Granthika Blog

On Discourse and History

Fair warning: some (simplified) literary theory coming up. But all in the service of describing how Granthika works.

Granthika – of course – allows writers to create and manipulate text, but also enables writers to smoothly manage the structural components of their manuscripts (its chapters, sections, and scenes). Additionally – and crucially – it allows writers to treat the inhabitants and landscapes of the story represented by the text as closely-integrated components of their world-building.

So, on the left of Granthika’s user interface, you see a “Table of Contents”:

Table of Contents
Figure 1: Table of Contents.

The Table of Contents (TOC) represents the sequential structure of your manuscript. Granthika allows you to assemble your entire manuscript using the traditional building-blocks of written narrative: Parts, Chapters, Sections, and Scenes. As you might expect, a Part can contain several chapters, a Chapter can contain several sections or scenes. But none of this structure is forced on you – if you want, you don’t have to use parts at all, or structure your entire text using only chapters.

The “Scene” is the most granular element in Granthika’s repertoire. That is, a scene can contain only text, and have no sub-components.

Notice that in the image above, the user has right-clicked an element in the Table of Contents to bring up a contextual pop-up menu. This menu allows you to add meta-data (“Details”) at any level of the manuscript; you can indicate which characters participate in the action of a chapter, add notes about a scene, and so on. More about this to follow in future blog posts.

Now, on the right of Granthika’s user interface, you see what we’re calling the Connections Panel:

Connections Panel
Figure 2: Connections Panel.

In the figure above, the writer is working on a particular scene, and in the connections panel you can see all the characters who are participants in that scene. Notice the other icons, which give you access to geographical locations, objects, and events related to that scene as well.

What this means is that the writer always has easy and instant access to all the elements of his or her universe. The elements in these lists – such as “Sartaj Singh” – will provide instant access to all the information (birth date, description, notes, etc.) that the writer has accumulated about these elements through the writing process. Relevant data is always a single mouse-click or keystroke away.

Literary theorists have provided useful ways of thinking about the relationship between a manuscript’s text and the people, locations, and events – fictional or otherwise – that the text describes. Seymour Chatman observes that any narrative has two aspects, “a story (histoire), the content or chain of events (actions, happenings), plus what may be called the existents (characters, items of setting); and a discourse (discours), that is, the expression, the means by which the content is communicated. In simple terms, the story is the what in a narrative that is depicted, discourse the how.”[1]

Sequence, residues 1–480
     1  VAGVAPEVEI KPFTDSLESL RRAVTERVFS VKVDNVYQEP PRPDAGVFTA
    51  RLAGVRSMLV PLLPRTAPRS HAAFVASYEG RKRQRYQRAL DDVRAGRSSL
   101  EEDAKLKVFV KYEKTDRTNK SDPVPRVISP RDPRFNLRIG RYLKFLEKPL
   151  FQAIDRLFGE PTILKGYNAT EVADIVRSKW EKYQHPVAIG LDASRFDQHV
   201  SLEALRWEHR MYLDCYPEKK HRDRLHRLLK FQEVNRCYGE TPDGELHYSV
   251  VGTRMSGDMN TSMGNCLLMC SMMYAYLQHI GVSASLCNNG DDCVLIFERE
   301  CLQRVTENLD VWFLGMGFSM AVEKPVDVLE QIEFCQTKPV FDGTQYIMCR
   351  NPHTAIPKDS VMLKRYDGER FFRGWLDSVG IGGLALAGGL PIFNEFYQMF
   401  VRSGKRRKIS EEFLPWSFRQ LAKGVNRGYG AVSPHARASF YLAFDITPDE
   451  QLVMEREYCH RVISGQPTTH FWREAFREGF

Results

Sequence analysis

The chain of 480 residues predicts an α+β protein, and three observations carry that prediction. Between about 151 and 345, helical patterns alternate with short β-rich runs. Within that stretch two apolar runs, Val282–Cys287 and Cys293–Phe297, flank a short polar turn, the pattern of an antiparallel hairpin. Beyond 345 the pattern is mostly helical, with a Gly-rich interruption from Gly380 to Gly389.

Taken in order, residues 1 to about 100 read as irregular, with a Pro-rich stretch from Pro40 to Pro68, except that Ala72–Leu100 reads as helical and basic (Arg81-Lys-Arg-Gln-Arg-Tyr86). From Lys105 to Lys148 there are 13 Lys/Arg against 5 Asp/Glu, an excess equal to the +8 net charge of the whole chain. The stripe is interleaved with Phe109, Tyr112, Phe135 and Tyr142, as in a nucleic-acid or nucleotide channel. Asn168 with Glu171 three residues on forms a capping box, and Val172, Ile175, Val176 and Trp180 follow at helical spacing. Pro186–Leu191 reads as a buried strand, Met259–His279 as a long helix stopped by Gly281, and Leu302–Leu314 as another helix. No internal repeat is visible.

So the history (or histoire) of a narrative may be thought of as the what-actually-happened, as the content. It is quite different from the form of the narrative, its discourse (or discours); you could make two quite different narratives out of the same history by choosing different events to dramatize, or by changing the order of the scenes you then create, or by manipulating the mood of the scenes in your discourse. Think, for instance, of all the different novels and biographies written about the life of Mary, Queen of Scots – they may describe the same events, the same people, but each is quite different from the next.

Don’t worry – you don’t have to understand or even worry about any literary theory to use Granthika. But you may see us using a small amount of language borrowed from this body of theory in our user interface and documentation. For instance, we refer to manuscript parts, chapters, sections, and scenes as “discourse elements” (DEs). Characters, objects, and geographical locations are “existents.” We’ve used some of this theory as the underlying basis for Granthika’s handling of narrative (fictional narrative for now, but non-fiction as well in the near future). The end result is that while all this heady literary-nerd underpinning remains largely invisible to you – the author – it helps create a coherent, consistent user experience which every professional writer will immediately understand.

But if you’re interested in these notions of history and discourse, Seymour Chatman’s Story and Discourse: Narrative Structure in Fiction and Film is a splendid introduction. If you want to dive deeper, you won’t find a better survey of the field than Kent Puckett’s award-winning Narrative Theory: A Critical Introduction (full disclosure: Kent is a friend and a colleague of mine in the English department at Berkeley).

In our next post, we’ll show you some more about how Granthika integrates knowledge and text. Until then, may the birds sing outside your window as you work, and the writing flow.

  1. Seymour Benjamin Chatman, Story and Discourse: Narrative Structure in Fiction and Film (Ithaca, N.Y.: Cornell University Press, 1978), 19. ↩︎

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